How Long Does it Take to File Bankruptcy?

It takes a considerable amount of time to prepare a bankruptcy petition. Once a Chapter 7 petition is filed in court, your debts are usually discharged in three to four months. For Chapter 13, debts are discharged at the end of your three-year or five-year repayment plan.

It’s understandable to be curious – and perhaps anxious – about the length of time a bankruptcy takes. The timeline for bankruptcy depends in large part upon which type of bankruptcy you file – Chapter 7 or Chapter 13.

How long does it take to file Chapter 7 bankruptcy?

When most people think of filing for bankruptcy, Chapter 7 is what comes to mind. Chapter 7 bankruptcy liquidates your assets, repays your creditors to the fullest extent possible, and then erases the remainder of your eligible debts. Generally speaking, only those whose incomes fall at or below the median income for their state are eligible to file Chapter 7 bankruptcy.

As for how long it takes to file Chapter 7 bankruptcy, let’s say that you file your bankruptcy petition with the court on August 1. Your case trustee will schedule a meeting of creditors between August 22 and September 9. For the sake of our example, let’s say the meeting of creditors occurs on September 1. If yours is a typical case, your debts will be discharged between November 1 and December 1 of that same year.

How long does it take to file Chapter 13 bankruptcy?

If you are not eligible to file Chapter 7 bankruptcy or prefer that your assets not be liquidated, then you may be able to file for bankruptcy under Chapter 13. This type of bankruptcy reorganizes your debts, and puts you on a repayment schedule based on your disposable income. At the end of your repayment schedule, remaining balances from eligible debts are discharged.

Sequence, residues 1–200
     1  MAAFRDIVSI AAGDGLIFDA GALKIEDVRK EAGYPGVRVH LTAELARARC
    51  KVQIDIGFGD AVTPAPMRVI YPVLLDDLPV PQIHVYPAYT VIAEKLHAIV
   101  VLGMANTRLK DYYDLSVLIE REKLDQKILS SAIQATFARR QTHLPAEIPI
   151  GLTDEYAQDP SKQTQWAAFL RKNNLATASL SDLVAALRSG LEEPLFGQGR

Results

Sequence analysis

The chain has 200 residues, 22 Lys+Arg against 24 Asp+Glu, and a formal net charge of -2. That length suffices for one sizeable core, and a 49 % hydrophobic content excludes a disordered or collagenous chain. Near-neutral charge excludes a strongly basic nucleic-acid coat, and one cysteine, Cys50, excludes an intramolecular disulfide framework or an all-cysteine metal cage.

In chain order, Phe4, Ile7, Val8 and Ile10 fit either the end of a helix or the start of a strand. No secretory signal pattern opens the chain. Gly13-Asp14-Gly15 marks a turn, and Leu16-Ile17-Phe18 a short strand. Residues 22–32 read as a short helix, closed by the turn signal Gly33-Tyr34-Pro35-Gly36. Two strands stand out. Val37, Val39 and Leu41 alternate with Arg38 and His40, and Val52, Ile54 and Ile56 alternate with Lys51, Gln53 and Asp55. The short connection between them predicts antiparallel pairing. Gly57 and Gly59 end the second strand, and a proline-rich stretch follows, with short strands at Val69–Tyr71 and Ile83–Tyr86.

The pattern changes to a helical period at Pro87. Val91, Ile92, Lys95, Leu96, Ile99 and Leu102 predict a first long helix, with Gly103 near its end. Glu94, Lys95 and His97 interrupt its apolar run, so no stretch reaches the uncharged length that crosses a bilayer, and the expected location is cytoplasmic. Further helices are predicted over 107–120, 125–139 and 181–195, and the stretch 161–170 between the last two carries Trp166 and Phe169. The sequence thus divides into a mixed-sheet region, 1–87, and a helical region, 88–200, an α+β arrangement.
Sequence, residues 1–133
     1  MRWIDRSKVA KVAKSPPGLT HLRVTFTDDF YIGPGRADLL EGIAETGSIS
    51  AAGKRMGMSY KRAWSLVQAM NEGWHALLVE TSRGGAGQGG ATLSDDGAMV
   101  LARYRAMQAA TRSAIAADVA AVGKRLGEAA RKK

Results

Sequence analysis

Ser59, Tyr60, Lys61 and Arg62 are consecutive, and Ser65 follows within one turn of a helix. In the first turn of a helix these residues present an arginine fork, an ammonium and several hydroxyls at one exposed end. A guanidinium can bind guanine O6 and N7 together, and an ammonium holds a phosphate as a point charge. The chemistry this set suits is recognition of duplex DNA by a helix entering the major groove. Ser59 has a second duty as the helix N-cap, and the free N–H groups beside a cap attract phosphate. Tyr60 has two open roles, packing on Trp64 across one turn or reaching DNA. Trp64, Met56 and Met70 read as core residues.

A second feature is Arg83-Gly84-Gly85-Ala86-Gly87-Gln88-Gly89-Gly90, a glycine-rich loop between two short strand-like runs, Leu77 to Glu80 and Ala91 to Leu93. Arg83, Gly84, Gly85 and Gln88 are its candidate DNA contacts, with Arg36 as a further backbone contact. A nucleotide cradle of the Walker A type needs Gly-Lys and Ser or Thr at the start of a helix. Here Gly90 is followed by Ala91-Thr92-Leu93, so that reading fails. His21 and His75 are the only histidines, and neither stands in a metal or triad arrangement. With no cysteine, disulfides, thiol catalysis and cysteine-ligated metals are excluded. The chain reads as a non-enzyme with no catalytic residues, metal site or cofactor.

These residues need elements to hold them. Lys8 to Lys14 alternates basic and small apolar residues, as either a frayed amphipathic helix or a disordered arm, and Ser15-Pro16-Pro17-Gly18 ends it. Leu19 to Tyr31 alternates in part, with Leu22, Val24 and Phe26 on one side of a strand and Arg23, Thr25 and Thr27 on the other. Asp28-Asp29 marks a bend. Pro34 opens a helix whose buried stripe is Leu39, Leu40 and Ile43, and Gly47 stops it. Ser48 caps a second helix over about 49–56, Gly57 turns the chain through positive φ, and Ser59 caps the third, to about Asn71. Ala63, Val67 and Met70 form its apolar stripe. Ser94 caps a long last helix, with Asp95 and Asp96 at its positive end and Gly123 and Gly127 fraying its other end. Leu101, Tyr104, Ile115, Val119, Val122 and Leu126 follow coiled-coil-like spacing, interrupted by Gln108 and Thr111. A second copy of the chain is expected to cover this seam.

Let’s say that you file your Chapter 13 bankruptcy on August 1. Your case trustee will schedule a meeting of creditors between August 22 and September 19. If you live in a location that doesn’t have regular trustee staffing, that deadline extends to September 29.

If you file on August 1, then you are required to file a repayment plan by August 15. By August 30, you’re required to start making payments according to your repayment plan.

Let’s say that the meeting of creditors was held on September 1. The court must hold a hearing on your repayment plan by October 15. If the court approves the plan, then you need to adhere to the plan by making regular payments to the trustee. If your income is at or below the median income for your state, you will make payments for three years. If your income exceeds the minimum for your state, you will make payments for five years. After that time, then any balances on eligible debts will be discharged.

Preparation time for filing for bankruptcy

Regardless of which type of bankruptcy you choose to file, it takes considerable time to prepare your bankruptcy filing. For example, for Chapter 7, you need to file forms listing your assets and liabilities, your income and expenditures, your tax returns, and a variety of other information. You also need to file a certificate saying you have participated in credit counseling. A bankruptcy petition can easily run 100 pages or more. The same is true for a Chapter 13 filing.

When it comes to filing bankruptcy, it pays to have a skilled attorney by your side in order to create a petition that will avoid delays.

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